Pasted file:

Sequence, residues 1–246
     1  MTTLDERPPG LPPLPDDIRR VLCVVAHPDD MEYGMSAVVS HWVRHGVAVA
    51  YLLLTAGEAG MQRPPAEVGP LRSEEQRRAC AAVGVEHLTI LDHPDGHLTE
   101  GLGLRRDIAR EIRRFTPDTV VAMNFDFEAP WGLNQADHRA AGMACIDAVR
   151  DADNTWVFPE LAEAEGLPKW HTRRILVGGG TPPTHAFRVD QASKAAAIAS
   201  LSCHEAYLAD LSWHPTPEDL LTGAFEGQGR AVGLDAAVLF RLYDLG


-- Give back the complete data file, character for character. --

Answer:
Sequence, residues 1–246
     1  MTTLDERPPG LPPLPDDIRR VLCVVAHPDD MEYGMSAVVS HWVRHGVAVA
    51  YLLLTAGEAG MQRPPAEVGP LRSEEQRRAC AAVGVEHLTI LDHPDGHLTE
   101  GLGLRRDIAR EIRRFTPDTV VAMNFDFEAP WGLNQADHRA AGMACIDAVR
   151  DADNTWVFPE LAEAEGLPKW HTRRILVGGG TPPTHAFRVD QASKAAAIAS
   201  LSCHEAYLAD LSWHPTPEDL LTGAFEGQGR AVGLDAAVLF RLYDLG